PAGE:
22. Gates Foundation Staff, "High-Performing School Districts: Challenge, Support, Alignment, and Choice," 18.
  23. Pittsburgh public schools have experienced severe and continuing declines in student enrollments in the decade since the Pittsburgh Teachers Institute was established.
  24. Suggesting the value of collective participation, one Philadelphia teacher stated that initially she was the only teacher from her school enrolled in the program and that "I'm so happy now there are four. It makes the level of conversation in your building rise." Popp, T., "Teaching Those Who Teach," The Pennsylvania Gazette 106: 21 (2008).
  25. By 2008 the total number of New Haven teachers who had been Fellows was 657.
  26. To use a political science analogy, it would be similar to trying to evaluate the comparative success of "winner take all" and "proportional representation" presidential primary systems by randomly assigning winning candidates to the two different parties. Little could be learned about the topic in question.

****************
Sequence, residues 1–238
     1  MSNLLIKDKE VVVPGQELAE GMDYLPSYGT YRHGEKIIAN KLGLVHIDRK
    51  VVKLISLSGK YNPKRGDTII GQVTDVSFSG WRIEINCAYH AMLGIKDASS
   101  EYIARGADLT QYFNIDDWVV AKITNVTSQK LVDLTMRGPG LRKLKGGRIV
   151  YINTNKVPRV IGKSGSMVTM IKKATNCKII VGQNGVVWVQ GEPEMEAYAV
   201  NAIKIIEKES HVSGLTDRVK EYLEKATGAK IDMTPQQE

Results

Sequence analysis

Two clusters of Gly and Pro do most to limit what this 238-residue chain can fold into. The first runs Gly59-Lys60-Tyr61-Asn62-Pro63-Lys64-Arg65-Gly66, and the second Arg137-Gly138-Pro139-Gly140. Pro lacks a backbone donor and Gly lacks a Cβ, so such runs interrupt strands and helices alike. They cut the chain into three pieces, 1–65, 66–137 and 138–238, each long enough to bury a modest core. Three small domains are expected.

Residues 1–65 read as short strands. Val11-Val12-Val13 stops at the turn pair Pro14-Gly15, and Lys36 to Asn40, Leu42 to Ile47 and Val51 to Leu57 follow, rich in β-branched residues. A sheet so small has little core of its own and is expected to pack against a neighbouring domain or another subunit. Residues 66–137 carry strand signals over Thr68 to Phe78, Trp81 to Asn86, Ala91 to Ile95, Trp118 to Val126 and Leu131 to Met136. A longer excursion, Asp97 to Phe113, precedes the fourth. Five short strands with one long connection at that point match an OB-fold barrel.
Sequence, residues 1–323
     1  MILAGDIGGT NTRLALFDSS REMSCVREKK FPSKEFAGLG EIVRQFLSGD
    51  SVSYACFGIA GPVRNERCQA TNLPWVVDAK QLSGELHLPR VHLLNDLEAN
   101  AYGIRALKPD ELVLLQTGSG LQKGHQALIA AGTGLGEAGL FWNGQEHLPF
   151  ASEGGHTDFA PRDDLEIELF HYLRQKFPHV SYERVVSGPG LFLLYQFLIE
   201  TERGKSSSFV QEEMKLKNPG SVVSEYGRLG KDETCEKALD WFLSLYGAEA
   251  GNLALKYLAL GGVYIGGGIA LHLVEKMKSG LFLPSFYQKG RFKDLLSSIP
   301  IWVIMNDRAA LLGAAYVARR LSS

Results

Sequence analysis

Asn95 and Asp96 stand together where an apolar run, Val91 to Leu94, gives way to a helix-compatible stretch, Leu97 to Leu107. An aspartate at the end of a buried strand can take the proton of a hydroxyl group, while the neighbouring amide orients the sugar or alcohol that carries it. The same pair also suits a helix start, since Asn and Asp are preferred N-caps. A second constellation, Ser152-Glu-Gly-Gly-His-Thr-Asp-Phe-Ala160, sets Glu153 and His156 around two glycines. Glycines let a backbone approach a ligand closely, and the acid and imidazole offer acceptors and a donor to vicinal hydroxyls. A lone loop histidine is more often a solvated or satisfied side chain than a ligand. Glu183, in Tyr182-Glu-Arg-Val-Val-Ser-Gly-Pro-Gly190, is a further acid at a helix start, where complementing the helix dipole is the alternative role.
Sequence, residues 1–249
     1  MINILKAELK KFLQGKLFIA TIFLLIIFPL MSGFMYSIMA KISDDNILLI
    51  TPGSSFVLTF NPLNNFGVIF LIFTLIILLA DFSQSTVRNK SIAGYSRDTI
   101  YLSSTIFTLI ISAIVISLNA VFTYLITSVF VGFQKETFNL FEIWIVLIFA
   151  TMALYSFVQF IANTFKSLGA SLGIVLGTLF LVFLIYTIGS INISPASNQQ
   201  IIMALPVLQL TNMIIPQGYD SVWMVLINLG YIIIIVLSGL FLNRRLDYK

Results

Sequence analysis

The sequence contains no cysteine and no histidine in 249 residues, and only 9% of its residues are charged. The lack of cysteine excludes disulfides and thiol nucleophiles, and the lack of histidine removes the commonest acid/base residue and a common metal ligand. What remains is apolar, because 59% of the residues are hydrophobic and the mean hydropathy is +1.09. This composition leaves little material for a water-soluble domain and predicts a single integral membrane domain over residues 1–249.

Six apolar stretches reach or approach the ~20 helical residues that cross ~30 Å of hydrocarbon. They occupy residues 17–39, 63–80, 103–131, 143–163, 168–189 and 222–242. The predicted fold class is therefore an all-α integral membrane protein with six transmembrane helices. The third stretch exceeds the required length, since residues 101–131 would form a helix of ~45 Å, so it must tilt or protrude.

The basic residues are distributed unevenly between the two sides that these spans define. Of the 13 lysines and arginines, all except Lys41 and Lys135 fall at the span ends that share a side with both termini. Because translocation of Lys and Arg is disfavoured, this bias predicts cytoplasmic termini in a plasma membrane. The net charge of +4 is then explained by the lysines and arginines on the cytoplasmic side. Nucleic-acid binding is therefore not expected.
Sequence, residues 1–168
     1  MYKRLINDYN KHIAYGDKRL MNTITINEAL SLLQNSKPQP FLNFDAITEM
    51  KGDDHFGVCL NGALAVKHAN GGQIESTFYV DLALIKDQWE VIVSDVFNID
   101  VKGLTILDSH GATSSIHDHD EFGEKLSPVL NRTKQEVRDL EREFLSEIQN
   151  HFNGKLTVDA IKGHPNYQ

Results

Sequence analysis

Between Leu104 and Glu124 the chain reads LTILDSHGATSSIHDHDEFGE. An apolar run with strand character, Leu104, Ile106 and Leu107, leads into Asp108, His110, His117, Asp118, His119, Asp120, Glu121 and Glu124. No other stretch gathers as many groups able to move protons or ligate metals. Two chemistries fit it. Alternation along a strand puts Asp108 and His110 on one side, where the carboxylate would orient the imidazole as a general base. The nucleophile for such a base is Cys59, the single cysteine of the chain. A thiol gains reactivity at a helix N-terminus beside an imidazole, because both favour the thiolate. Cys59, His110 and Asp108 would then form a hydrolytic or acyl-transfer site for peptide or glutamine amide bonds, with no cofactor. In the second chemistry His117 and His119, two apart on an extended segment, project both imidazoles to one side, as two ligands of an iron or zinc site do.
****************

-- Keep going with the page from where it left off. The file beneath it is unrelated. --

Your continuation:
27. Yoon et al., "Reviewing the Evidence on How Teacher Professional Development Affects Student Achievement," 5.
  28. "Principal Recognition Accorded to the Yale-New Haven Teachers Institute," New Haven: Yale-New Haven Teachers Institute, at
  29. "A Progress Report on Surveys Administered to New Haven Teachers, 1982-1990," New Haven: Yale-New Haven Teachers Institute, 1991, at
  30. The study can be found at
  31. Haslam, B. M., Rouk, U., with Laguarda, K. G., "Professional Development with the Yale- New Haven Teachers Institute Model: Impact, Lessons, and Future Prospects," Policy Studies Associates, 2006, 45-46, 52, at, accessed June 23, 2008.
  32. All percentages reported here are percentages of the Fellows who actually responded to particular questions. This section reports data from the Teacher Surveys on Seminar Experiences conducted in Houston, New Haven, and Pittsburgh from 2003-2008 and Philadelphia in 2006-2008. Because the overall completion rate for these surveys was over 98%, percentages of all Fellows surveyed, whether or not they responded to a particular question, are only slightly smaller. Chart figures are rounded to whole numbers; graph bars are accurate to one decimal place. All the survey data reported here can be obtained through a link at the Yale National Initiative Web site,